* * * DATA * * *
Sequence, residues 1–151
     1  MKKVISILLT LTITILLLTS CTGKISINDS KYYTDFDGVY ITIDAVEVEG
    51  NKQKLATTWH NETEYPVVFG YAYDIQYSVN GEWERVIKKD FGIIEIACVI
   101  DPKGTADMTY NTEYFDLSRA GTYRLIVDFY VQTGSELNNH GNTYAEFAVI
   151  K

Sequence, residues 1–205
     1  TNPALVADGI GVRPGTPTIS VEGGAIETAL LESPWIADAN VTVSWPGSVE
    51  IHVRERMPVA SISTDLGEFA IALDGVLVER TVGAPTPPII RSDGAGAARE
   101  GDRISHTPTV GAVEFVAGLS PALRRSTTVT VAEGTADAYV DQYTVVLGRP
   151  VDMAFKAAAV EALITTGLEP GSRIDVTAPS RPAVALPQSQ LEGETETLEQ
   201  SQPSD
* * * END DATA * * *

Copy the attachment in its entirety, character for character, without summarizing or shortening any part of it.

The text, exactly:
Sequence, residues 1–151
     1  MKKVISILLT LTITILLLTS CTGKISINDS KYYTDFDGVY ITIDAVEVEG
    51  NKQKLATTWH NETEYPVVFG YAYDIQYSVN GEWERVIKKD FGIIEIACVI
   101  DPKGTADMTY NTEYFDLSRA GTYRLIVDFY VQTGSELNNH GNTYAEFAVI
   151  K

Sequence, residues 1–205
     1  TNPALVADGI GVRPGTPTIS VEGGAIETAL LESPWIADAN VTVSWPGSVE
    51  IHVRERMPVA SISTDLGEFA IALDGVLVER TVGAPTPPII RSDGAGAARE
   101  GDRISHTPTV GAVEFVAGLS PALRRSTTVT VAEGTADAYV DQYTVVLGRP
   151  VDMAFKAAAV EALITTGLEP GSRIDVTAPS RPAVALPQSQ LEGETETLEQ
   201  SQPSD